A leading medical expert has stated that the Boston Irish nanny case fits all the criteria for a "mistaken" diagnosis.

Aisling Brady McCarthy, a Cavan native, faces a murder trial in October during which experts from both sides will debate how 1-year old Rehma Sabir died. The child was found in serious condition in January 2013 and died later in hospital. McCarthy was charged with murder in a case that was initially set out as “shaken baby syndrome.”

The case against McCarthy has weakened in recent times following new expert testimony, including an expert for the prosecution changing his earlier finding of shaken baby syndrome. Judge Maureen Hogan granted McCarthy bail earlier this month after 29 months in custody.

However, more and more legal experts and medical scientists are disputing the “shaken baby” diagnosis in this case and state that other factors are at work.

“It’s really a move from supposed certainty [about shaken baby diagnoses] toward acknowledgment of unknowns,” said Deborah Tuerkheimer, a Northwestern University law professor and author of “Flawed Convictions: ‘Shaken Baby Syndrome’ and the Inertia of Injustice.”

“And those questions have accelerated,” she added.

The Boston Globe reports that McCarthy’s lawyers will present evidence that little Rehma was “sick much of her life and suffered from a bleeding disorder, failure to gain weight, and had gastrointestinal problems. At the time of her death, tests revealed several healing fractures that were several weeks old, from a time when she was traveling with her family overseas.”

Tuerkheimer says Rehman’s medical issues fit the classic profile.

“In so many cases, the parents have been in the hospital off and on, and there’s just never been a decent explanation,” Tuerkheimer said. “You just have all these signs that it’s a sick baby.”

“It’s apparent the baby was not well when it was delivered to the caregiver,” she said. “It’s not only shaking that causes this; you have to rule other things out. Many, if not most, of these cases seem to be naturally caused.”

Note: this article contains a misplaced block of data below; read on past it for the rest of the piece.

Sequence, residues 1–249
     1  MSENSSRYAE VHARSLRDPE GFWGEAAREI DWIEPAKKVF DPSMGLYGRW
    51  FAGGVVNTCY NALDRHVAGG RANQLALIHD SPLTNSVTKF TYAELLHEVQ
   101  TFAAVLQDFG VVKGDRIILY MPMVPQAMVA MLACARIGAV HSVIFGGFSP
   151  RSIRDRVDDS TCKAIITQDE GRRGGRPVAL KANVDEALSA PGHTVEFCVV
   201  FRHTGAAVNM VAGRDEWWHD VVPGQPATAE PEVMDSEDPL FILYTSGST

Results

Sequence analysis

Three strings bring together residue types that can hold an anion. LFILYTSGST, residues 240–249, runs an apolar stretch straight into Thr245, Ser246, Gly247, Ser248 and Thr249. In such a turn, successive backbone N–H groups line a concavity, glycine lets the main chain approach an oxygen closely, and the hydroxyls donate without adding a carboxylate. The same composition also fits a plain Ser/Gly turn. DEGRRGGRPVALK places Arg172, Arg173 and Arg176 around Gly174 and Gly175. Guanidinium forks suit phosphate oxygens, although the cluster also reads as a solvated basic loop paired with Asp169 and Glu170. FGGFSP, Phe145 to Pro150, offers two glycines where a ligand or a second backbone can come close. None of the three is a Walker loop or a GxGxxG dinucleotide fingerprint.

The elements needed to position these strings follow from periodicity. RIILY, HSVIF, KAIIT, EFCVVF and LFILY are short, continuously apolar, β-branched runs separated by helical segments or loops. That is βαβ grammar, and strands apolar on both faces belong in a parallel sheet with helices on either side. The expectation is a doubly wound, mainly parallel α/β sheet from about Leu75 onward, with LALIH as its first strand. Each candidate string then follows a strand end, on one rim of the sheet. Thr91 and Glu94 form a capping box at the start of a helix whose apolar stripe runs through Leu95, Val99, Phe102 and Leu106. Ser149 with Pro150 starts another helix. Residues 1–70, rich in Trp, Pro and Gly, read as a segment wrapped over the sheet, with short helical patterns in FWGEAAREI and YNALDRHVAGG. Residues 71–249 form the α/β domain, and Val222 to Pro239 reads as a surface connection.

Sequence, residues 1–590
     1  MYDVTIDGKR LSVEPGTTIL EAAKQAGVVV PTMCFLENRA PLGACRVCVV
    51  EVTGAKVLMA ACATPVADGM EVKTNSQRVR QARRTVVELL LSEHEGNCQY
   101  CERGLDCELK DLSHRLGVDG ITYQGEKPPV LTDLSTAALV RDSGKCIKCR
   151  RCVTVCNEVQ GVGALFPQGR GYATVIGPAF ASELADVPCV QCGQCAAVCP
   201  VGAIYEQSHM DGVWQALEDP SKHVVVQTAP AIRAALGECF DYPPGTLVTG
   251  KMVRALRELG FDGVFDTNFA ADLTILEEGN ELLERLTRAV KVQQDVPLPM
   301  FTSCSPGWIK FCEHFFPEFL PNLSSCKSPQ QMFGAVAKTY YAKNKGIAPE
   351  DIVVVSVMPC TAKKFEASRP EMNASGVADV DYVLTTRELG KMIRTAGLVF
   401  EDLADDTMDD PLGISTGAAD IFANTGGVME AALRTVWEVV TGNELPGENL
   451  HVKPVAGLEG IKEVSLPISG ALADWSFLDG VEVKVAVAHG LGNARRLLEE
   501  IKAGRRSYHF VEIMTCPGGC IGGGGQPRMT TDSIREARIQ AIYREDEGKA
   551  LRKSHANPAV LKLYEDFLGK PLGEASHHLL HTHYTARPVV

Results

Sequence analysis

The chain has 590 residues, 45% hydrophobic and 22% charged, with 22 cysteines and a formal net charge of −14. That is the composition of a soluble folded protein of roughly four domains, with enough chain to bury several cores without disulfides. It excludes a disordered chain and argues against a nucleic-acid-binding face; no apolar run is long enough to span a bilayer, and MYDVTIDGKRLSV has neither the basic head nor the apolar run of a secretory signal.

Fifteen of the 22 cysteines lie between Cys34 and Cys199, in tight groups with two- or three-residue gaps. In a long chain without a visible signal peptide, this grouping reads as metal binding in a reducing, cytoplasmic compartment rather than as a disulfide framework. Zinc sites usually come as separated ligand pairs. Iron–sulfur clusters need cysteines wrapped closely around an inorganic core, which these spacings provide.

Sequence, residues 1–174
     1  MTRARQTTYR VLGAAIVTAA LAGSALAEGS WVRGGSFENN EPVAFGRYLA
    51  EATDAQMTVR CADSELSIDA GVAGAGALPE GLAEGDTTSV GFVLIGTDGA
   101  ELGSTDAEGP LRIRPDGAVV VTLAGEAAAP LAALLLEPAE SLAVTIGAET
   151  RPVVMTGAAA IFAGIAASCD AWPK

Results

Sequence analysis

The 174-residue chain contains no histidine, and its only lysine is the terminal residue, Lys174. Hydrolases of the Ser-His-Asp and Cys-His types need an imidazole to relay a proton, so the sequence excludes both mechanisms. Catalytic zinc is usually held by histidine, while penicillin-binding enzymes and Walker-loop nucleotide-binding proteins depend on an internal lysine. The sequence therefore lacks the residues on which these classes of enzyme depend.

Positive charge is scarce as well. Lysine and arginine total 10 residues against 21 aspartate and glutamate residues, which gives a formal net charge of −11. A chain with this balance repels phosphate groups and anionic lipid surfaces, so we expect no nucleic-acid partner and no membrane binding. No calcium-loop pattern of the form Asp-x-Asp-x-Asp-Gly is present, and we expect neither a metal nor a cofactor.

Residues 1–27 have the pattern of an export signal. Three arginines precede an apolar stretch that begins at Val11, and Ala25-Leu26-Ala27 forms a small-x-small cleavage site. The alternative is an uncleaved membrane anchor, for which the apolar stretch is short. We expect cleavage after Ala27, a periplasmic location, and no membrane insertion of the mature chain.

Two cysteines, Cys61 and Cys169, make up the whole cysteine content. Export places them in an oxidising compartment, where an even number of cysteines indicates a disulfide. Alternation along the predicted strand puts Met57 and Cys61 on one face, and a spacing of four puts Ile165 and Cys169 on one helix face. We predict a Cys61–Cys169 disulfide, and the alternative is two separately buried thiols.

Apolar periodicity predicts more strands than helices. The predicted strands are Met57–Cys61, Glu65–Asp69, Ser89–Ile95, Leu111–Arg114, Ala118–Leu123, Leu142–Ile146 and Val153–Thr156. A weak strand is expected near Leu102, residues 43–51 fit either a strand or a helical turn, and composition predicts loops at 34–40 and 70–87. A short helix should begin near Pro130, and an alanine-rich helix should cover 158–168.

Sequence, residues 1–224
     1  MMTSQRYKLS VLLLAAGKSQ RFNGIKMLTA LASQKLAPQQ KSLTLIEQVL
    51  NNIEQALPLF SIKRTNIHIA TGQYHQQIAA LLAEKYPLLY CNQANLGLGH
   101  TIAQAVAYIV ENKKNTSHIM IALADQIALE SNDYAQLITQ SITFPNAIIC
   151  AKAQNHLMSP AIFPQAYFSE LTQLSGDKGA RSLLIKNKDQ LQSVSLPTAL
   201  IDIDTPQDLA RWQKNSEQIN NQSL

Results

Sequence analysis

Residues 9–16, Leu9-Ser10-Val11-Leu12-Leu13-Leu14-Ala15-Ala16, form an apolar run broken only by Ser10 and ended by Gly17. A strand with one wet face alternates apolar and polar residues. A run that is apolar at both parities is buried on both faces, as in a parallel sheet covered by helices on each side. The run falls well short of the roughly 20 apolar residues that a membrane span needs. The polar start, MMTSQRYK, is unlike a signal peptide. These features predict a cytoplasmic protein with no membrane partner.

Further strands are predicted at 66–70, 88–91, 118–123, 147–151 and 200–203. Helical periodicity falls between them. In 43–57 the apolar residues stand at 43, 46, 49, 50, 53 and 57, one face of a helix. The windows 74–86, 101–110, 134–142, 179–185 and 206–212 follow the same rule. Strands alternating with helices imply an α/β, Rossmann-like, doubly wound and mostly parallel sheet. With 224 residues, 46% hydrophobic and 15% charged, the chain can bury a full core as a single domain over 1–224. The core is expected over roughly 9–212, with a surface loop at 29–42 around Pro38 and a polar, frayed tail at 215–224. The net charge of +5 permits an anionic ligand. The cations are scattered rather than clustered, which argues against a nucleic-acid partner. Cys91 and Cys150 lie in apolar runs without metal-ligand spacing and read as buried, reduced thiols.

Lawyers for McCarthy say the case fits the discredited shaken baby syndrome hypothesis. “This is a shaken baby syndrome prosecution,” they wrote. “That means it is a prosecution based on a scientific hypothesis that has crumbled over the last decade.”

The Massachusetts Medical Examiner has agreed to review all the medical files in an unprecedented step before the trial begins

The diagnosis of shaken baby syndrome still has strong defenders but more and more cases are being thrown out.

Since 2001, approximately 200 shaken baby cases terminated when “charges were dropped or dismissed, defendants were found not guilty, or convictions were overturned,” according to a recent joint report by the Washington Post and Northwestern University’s Medill Justice Project

Dr Alice Newton, who made the original diagnosis in the Brady McCarthy case, had a previous diagnosis of shaken baby overturned.

However, there are still many defenders of shaken baby syndrome.

“Abusive head trauma and shaken baby syndrome are real,” said Cindy Christian, chairwoman of child abuse and neglect prevention at the Children’s Hospital of Philadelphia. “The science hasn’t shifted. It’s expanded, just like in every area of medicine.”

But Keith Findley, assistant law professor at the University of Wisconsin and the co-director of the Wisconsin Innocence Project, told the Globe the clear consensus around shaken baby diagnosis has crumbled.

“There is no gold standard diagnostic criteria for shaken baby syndrome,” he said. “The science is changing.”